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#EqualPayDay: Statistics Shows Women’s Minimum Wage Hardly Budged Since The '80s

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Two decades since the inception of Equal Pay Day in 1996, women still struggle to work more to earn as much as men.

Gender disparities in wage gap are beyond just statistical figures. Equal pay advocates said that women's minimum salaries have not yet increased to a level that would equal that of men since the 1980s.

A recent annual survey conducted by the American Association of University Women showed that female employees only earn 80 cents for every dollar that men receive. This means that women have to put in 20 percent more effort or render 20 percent more time to be able to receive the same amount male employees do.

Gaps vary across different fields and industries. Female financial advisers earn about 59 percent of what their gender counterpart does based on a new analysis released by the Institute for Women's Policy Research.

There are other 107 occupations where women earn less than 95 percent of their male colleagues. The report indicated that only in hospitality jobs such as "dining room and cafeteria attendants and bartender helpers" as well as "wholesale and retail buyers, except farm products" do women outearn men.

The AAUW chart also showed which cities and states scored negatively in terms of closing in wage gaps. Seattle indicated an average of $15,700 annual wage gap between men and women. Tampa in Florida has the lowest, with $4,700 overall gap mostly on white women.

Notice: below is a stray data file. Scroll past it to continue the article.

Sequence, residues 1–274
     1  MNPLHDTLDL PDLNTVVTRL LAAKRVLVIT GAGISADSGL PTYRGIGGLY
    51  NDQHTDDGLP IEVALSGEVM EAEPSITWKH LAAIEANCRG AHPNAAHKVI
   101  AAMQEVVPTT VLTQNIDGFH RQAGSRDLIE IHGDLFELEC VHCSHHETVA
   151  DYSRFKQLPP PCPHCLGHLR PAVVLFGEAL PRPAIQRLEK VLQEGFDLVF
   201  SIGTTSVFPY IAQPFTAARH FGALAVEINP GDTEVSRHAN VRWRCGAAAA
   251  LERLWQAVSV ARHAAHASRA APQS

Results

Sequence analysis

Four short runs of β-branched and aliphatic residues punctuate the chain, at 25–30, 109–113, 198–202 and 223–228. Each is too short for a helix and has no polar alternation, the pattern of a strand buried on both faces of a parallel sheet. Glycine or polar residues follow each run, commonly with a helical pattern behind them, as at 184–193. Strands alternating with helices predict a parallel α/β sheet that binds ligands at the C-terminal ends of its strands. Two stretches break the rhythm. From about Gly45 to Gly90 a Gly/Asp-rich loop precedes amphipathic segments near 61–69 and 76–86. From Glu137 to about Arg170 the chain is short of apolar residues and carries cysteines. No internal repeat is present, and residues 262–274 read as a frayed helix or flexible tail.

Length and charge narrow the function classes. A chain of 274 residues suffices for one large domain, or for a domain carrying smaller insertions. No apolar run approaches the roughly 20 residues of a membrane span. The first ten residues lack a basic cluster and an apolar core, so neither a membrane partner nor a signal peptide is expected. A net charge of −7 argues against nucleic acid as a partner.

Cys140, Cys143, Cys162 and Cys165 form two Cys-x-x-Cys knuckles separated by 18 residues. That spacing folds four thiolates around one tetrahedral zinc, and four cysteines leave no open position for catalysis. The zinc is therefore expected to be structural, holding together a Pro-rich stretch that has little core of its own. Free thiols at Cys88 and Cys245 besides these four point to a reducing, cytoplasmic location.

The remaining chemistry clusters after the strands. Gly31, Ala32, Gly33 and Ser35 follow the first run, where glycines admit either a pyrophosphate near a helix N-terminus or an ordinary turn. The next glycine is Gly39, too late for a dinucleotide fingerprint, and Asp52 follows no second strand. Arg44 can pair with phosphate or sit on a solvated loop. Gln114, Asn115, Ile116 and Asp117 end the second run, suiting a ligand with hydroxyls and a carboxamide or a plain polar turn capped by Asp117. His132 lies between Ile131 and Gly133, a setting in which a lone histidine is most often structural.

Titles For Better Pay

Vicki Shabo, vice president at National Partnership for Women and Families, explained that the 20 percent gap may be because fewer women are given titular roles. Executive-level jobs earn higher than the rank and file, which makes it difficult for the majority of employees to pay off student loans or mortgage.

Shabo further explained that men are more likely to advance to senior roles because they are less interrupted by the experience of having children. PayScale cited that women are five times more likely to leave work to take care of their families, but only 7 percent of the population is able to return to jobs after more than a year of hiatus.

Haig Nalbantian, cofounder of Mercer Workforce Sciences Institute, said the problem is not about the wage per se but rather career barriers.

"You have to make sure you're also paying attention to the career progression," Nalbantian said. "If it's not managed well and leaders are not cognizant of this drag, they're going to end up not having enough women in the pipeline."

Nalbantian is referring to common obstacles such as flexible work schedules and paid leaves, areas where most companies are either lacking or deficient.

Pay It Forward

Despite the stagnant trend, companies such as Starbucks, Apple, Intel, Salesforce, and Adobe are taking a lead toward wage equality. Recently, these companies implemented full-pay parity policies for female employees and those from the minority groups.

"If you fundamentally believe that people are the most important asset to your company, why wouldn't you seek to establish practices and programs, and have a principle that you should compensate fairly based on their contribution?" said Donna Morris, EVP for customer and employee experience at Adobe.

No matter how telling AAUW's survey is, a study by Pew Research Center, concluded that it is difficult to quantify gender discrimination in the workplace.

The center cited a 2017 survey where only 4 in 10 women reported they experienced discrimination at any point in their career. Majority of the respondents had lower wages than their male counterparts.

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